BROOKSVILLE — The action needed Tuesday to restore fluoride to Brooksville's water supply was deceptively easy.
According to utilities director Will Smith, the process involved little more than hooking up a 15-gallon tank containing hydrofluorosilic acid, making a few adjustments to the automatic metering system, and letting gravity take its course.
Indeed, delivering the tooth decay-fighting chemical into residents' homes seemed almost anticlimactic compared to the battle over fluoridation that raged over the course of several months earlier this year.
In October, the City Council voted 4-1 to reverse a decision it made two years earlier during a budget hearing to end the city's 25-year-old fluoride program, which cost about $7,000 annually.
The prickly debate over whether to reinstate the program began heating up in January when officials from the county Health Department pleaded before the council to bring back the mineral additive. Council member Lara Bradburn, an adamant opponent of fluoridation who convinced her colleagues in 2011 to kill the program, once again led the charge to keep fluoride out of the water, saying the health risks outweighed the benefits. Months later, she brought anti-fluoridation activist Paul Connett to town to deliver an hourlong presentation that several professionals in the dental community later refuted.
Brooksville began its fluoridation program in 1985 at the urging of several dental professionals, who said it would be particularly beneficial to children of low-income residents who lacked access to regular professional dental care. Although a similar program was initially approved by the Hernando County Commission in 1990, it was abandoned after public complaints about possible health risks.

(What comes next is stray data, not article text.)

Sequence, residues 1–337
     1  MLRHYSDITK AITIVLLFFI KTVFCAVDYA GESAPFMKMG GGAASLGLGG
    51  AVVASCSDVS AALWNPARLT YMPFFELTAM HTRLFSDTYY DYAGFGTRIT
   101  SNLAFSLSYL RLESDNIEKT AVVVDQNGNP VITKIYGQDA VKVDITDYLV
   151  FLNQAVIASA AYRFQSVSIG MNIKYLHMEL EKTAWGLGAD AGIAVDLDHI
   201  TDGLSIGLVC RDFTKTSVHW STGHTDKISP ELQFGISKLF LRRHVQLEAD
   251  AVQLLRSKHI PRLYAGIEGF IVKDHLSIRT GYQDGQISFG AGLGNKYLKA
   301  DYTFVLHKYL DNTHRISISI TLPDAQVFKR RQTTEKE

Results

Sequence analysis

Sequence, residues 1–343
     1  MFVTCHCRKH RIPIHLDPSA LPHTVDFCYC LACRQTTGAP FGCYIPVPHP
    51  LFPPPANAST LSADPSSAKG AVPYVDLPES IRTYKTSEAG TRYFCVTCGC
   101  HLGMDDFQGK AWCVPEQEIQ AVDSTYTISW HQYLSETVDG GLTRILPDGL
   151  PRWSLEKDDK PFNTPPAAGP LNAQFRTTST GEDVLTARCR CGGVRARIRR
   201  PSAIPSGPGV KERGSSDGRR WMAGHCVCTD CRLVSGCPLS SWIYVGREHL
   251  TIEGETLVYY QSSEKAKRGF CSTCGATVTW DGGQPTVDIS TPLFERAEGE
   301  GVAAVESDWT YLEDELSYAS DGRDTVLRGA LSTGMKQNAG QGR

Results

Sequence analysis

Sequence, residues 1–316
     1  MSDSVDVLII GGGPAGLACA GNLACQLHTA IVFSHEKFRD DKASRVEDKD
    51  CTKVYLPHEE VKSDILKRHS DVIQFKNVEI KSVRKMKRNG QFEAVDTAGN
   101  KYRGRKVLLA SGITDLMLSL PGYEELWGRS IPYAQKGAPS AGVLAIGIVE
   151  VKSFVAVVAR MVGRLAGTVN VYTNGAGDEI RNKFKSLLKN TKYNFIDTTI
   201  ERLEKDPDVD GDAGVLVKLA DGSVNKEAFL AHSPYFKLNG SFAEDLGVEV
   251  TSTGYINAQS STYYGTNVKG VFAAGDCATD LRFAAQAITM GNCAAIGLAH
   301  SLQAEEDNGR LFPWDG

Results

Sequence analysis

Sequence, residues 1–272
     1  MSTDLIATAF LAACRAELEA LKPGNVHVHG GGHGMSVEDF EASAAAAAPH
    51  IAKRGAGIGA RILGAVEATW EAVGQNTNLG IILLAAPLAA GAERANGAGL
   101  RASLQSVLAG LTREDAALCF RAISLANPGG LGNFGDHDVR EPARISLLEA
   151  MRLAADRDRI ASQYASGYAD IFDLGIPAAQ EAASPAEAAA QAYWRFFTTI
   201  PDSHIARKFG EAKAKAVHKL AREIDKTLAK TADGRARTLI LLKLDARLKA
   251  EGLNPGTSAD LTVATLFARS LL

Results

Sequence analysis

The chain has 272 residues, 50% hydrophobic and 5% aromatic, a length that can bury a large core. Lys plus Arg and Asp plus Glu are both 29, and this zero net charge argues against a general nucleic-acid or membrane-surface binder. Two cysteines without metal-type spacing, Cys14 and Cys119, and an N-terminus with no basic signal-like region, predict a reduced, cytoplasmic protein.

There is no fluoride currently added to the county's water supply.
According to Smith, the city will use a chemical manufactured by the Dumont Co. in Oveido that meets criteria set by the American National Standards Institute and is certified by Underwriters Laboratories.
Dr. Pedro Lense, a senior dentist with the Health Department, said the parents of children taking fluoride supplements will be advised to stop the treatments and contact their child's dentist.
Parents using fluoridated water to prepare infant formula may consider using purified or distilled water to prevent fluorosis, or white markings on the teeth, considered to be a cosmetic side effect, according to the Health Department.
Logan Neill can be reached at firstname.lastname@example.org or (352) 848-1435.